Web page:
Developing an “I Can…” Mentality:

Children are learning not only from each other, but from everything in their environment including what they see, hear, and feel (physically and emotionally).  The Social Interaction Theory goes along with the Zone of Proximal Development (ZPD).  Vygotsky describes this as “the distance between the actual developmental level as determined by independent problem solving and the level of potential development as determined through problem-solving under adult guidance, or in collaboration with more capable peers” (Vygotsky, 1978, p. 86).  This is a very important aspect of the learning environment.  As educators it is imperative that we understand the ZPD and how to use it when we scaffold students’ learning.  If we can provide just the right amount of assistance (not too much and not too little) students will be able to grasp learning and gain confidence.

As a parent, teacher, and former administrator I find myself striving to develop a love of learning in my children.  One that will surpass their doubts of failure and transcend them beyond “I can’t” to an “I can do hard things” mentality.


Reflection for the Day:

Create a love of literature in your children.  With this they will explore, create, and inquire knowledge as a way of life ultimately driving their desire to learn.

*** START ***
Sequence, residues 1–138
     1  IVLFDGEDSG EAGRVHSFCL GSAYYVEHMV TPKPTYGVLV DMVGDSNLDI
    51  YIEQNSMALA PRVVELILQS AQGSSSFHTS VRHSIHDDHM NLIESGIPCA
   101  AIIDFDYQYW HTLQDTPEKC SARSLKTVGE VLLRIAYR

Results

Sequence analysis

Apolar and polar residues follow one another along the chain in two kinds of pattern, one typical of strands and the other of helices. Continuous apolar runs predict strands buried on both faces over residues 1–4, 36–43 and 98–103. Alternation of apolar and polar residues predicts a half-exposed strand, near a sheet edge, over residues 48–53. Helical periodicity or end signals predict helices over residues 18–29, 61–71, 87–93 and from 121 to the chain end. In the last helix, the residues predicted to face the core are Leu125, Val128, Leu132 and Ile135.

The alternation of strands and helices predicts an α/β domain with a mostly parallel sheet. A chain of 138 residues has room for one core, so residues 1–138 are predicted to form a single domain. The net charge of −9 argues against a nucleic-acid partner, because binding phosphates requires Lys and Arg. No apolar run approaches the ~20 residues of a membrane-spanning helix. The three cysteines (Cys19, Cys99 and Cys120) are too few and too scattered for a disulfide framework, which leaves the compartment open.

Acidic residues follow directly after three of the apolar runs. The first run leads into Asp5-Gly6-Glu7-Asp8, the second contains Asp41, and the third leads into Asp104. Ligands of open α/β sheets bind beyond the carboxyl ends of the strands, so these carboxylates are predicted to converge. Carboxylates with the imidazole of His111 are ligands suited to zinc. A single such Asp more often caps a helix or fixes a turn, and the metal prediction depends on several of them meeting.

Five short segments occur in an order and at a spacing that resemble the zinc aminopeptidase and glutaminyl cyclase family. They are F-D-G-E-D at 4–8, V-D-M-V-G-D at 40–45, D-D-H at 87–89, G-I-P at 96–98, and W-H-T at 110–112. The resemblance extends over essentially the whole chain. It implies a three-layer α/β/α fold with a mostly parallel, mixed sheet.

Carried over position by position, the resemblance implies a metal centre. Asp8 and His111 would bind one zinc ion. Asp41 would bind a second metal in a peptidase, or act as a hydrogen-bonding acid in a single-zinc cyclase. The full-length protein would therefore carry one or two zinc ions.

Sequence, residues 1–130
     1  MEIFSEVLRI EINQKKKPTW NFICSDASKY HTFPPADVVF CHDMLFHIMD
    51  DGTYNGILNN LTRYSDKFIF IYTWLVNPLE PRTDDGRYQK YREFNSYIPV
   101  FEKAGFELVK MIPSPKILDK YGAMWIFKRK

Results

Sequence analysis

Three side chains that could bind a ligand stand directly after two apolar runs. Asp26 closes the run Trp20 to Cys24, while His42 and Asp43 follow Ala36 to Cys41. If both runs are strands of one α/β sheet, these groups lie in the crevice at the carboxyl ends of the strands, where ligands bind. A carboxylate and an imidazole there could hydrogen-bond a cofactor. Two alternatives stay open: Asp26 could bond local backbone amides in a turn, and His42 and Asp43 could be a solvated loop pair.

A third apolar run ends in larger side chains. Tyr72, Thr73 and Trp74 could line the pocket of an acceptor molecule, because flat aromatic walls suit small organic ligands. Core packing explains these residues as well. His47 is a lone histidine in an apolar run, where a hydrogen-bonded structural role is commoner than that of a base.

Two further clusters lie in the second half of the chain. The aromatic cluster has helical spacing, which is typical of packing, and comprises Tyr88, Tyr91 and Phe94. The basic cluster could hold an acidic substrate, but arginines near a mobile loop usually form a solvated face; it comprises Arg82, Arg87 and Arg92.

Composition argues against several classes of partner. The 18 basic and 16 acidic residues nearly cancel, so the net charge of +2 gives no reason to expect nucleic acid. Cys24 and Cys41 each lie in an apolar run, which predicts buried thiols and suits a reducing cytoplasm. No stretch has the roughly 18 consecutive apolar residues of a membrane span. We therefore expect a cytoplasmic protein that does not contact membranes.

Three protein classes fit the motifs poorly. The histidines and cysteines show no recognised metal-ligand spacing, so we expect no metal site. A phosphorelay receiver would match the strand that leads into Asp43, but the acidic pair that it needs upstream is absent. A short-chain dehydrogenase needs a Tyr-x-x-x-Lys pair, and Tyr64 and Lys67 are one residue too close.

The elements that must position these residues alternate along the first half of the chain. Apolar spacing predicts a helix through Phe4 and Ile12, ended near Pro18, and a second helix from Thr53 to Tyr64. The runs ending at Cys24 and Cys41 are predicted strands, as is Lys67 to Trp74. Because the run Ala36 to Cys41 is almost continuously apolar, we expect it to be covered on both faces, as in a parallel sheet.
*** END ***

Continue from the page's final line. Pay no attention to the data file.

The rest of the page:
McLeod, S. A. (2012). Zone of proximal development. Retrieved from                                    


8 thoughts on “Developing an “I Can…” Mentality:

  1. Pingback: Developing an “I Can…” Mentality: | ldelcas973

  2. Great post! Scaffolding, as you said is crucial because as parents (or teachers or SLPs) we want to make sure to provide just the right amount of support for the child’s individual needs. Also, knowing when to reduce the amount of support is important as the goal is for the child to be able to generalize skills at an independent level and not rely or become accustomed to the support of others.

    Liked by 1 person

  3. Pingback: Developing an “I Can…” Mentality: | ldelcas973

  4. That is one thing that learning a musical instrument can help with. When they learn each new piece it is always challenging and frustrating. However, as they practice the piece they get a little better each time, until the piece is mastered. Showing them that with practice and determination they can accomplish their goals and overcome obstacles.

    Liked by 1 person

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